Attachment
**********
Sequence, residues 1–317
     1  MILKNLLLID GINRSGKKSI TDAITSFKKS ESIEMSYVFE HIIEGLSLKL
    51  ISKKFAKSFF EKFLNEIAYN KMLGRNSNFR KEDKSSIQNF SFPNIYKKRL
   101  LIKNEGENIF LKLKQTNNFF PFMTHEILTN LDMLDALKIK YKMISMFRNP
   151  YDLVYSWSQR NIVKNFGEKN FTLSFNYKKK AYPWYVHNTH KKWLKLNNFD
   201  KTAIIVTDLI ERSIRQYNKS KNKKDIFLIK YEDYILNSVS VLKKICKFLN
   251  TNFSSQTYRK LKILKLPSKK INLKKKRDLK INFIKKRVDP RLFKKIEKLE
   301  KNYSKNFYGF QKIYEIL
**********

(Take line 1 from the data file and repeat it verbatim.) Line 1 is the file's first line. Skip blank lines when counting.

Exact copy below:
Sequence, residues 1–317